Fall Migration Birding Field Trip Species List

Thursday, September 3, 2020, 7:30 AM - 11:45AM
Weather: Sunny
Location: Gorge of the Roaring Fork

Species Identified:

Canada Goose
Mallard
Mourning Dove
Broad-tailed Hummingbird
Hummingbird sp.
Great Blue Heron
Turkey Vulture
Red-tailed Hawk
Cooper's Hawk 
Northern Flicker
Olive-sided Flycatcher
Western Wood-Pewee
Cordilleran Flycatcher
Empidonax Flycatcher sp.
Plumbeous VireoWarbling Vireo
Steller's Jay
Woodhouse's Scrub-Jay
Black-billed Magpie
American Crow
Violet-green Swallow
Black-capped Chickadee
Mountain Chickadee
Red-breasted Nuthatch
White-breasted Nuthatch
House Wren
Ruby-crowned Kinglet
American Robin
Townsend's Solitaire
Cedar Waxwing
House Finch
Pine Siskin
Green-tailed Towhee
Chipping Sparrow
Brewer's Sparrow
Vesper Sparrow
Song Sparrow
Orange-crowned Warbler
Nashville Warbler
MacGillivray's Warbler
Yellow-rumped Warbler
Townsend's Warbler
Wilson's Warbler
Western Tanager

Comments:

 

This field trip explored birds in a variety of native habitats on a loop route crossing Deer Hill, descending Burlingorge Trail to the Roaring Fork River, and coming back up on a connector trail to the AABC.  The gorge of the Roaring Fork is fascinating geologically, with Red Butte's upside-down rock layers and the steep gorge walls that cut through glacial debris and shale layers.  The geology and topography set the stage for rich vegetation communities such as oak mountain shrubland, open meadows, fragments of sagebrush shrubland, weedy patches, cottonwood river bottom, and mixed forests of Douglas fir, spruce, and aspen.  Fall brings migrating songbirds to this area where foods are abundant.  Our first positive ID on the trail was a Nashville Warbler, an uncommon migratory species in our area,  Other highlights included Olive-sided flycatcher and western wood-pewee side-by-side for an amazing comparison of these similar birds; an excellent viewing of Townsend's warbler; and an abundance of sparrows that gave us lots of practice with their subtle field marks and variations in plumages.  We all enjoyed sharing discussions and observations, and everyone came away with some new and reinforced knowledge of the birds.  Join us next Tuesday for Morning Birding at Hallam Lake!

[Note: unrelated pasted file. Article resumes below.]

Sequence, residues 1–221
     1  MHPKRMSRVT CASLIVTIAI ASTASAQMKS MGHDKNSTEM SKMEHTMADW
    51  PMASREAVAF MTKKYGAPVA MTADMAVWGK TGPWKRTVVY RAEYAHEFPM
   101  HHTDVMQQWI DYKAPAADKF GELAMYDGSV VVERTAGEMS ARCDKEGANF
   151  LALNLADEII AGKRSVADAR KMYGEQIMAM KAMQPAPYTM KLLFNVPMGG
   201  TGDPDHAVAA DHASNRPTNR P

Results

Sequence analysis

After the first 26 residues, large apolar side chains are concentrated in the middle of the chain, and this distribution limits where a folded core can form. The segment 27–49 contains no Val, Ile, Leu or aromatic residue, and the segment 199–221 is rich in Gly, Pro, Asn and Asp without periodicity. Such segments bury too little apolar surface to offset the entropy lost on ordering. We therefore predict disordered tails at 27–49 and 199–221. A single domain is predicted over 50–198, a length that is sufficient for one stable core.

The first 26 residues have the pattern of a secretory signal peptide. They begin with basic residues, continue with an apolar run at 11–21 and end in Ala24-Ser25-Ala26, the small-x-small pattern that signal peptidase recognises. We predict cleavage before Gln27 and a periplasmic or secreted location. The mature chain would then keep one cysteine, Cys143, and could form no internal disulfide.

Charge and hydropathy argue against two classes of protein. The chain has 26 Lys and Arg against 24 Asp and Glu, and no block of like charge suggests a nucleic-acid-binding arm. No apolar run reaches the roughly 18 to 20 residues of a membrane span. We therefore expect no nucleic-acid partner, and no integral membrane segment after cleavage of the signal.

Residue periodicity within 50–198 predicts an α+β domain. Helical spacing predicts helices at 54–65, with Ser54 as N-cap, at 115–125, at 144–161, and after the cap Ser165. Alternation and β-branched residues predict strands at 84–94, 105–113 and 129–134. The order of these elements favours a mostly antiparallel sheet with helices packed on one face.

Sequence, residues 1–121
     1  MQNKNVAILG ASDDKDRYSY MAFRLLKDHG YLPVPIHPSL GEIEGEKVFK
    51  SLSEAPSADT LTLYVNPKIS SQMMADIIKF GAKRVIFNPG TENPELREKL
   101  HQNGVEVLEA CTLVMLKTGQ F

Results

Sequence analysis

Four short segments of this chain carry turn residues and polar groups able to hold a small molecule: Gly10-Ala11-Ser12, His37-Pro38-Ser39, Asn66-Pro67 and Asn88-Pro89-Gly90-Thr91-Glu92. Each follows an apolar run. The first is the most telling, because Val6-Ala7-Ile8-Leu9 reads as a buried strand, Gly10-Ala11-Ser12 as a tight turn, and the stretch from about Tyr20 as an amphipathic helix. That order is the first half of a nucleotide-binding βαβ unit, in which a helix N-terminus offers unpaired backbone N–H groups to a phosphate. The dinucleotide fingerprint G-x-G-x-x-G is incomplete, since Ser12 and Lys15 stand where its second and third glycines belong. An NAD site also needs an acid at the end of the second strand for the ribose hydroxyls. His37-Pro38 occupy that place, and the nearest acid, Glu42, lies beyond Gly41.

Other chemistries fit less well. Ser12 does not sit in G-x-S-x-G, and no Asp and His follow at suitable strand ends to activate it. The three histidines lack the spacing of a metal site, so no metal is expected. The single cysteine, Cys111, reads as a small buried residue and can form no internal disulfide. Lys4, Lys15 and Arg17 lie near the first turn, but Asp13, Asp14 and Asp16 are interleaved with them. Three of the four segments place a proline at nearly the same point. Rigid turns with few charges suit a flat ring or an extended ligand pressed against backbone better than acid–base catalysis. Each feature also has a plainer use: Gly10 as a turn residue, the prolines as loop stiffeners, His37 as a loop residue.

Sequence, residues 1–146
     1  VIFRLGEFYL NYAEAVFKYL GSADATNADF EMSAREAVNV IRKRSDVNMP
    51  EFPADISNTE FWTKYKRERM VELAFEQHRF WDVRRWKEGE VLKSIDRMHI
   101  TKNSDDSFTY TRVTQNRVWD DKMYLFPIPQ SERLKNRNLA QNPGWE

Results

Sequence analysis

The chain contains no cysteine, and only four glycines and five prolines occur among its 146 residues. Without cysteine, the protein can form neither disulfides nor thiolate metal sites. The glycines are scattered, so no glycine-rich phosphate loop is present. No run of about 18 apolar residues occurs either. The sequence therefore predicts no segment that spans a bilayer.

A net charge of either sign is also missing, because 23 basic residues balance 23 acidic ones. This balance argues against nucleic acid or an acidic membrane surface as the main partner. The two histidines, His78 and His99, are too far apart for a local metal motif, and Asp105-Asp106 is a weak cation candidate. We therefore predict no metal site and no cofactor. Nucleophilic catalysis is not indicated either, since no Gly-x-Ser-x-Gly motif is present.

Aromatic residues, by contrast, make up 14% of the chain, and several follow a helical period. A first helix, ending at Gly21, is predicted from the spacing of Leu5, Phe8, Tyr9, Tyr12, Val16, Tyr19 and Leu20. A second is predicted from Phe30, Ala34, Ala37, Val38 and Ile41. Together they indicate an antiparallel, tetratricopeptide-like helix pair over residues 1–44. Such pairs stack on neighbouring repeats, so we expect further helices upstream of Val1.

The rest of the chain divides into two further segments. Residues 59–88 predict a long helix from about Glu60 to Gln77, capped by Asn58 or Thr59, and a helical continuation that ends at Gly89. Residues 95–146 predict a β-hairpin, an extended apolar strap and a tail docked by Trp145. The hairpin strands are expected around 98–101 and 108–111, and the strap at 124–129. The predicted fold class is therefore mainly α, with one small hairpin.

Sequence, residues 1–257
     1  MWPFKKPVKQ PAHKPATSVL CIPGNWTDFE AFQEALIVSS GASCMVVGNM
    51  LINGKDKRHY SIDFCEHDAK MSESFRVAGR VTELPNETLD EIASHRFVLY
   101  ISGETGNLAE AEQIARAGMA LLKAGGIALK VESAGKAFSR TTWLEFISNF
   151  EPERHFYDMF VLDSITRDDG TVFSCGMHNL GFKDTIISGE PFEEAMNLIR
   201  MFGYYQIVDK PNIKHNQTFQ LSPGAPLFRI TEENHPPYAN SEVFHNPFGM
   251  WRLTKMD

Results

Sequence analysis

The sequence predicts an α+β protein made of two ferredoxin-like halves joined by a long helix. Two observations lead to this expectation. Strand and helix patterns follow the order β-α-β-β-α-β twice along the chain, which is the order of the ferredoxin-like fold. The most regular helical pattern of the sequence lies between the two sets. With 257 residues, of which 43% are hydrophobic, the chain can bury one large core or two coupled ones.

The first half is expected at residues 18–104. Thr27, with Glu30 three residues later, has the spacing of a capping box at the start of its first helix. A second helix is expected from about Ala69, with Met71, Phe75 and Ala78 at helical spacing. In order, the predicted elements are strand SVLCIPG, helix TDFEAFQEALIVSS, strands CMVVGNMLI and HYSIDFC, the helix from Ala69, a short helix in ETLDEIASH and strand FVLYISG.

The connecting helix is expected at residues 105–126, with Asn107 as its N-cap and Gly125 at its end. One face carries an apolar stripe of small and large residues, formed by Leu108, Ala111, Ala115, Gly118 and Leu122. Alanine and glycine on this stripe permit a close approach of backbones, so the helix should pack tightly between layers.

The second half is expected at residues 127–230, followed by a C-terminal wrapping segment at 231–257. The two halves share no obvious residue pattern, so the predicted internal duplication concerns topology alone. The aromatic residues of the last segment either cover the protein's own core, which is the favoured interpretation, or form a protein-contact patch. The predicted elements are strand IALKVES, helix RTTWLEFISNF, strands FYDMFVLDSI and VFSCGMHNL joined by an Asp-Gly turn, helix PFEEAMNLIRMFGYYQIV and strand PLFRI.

~ Rebecca Weiss, ACES Bird Guide

Photo by Jeff Finesilver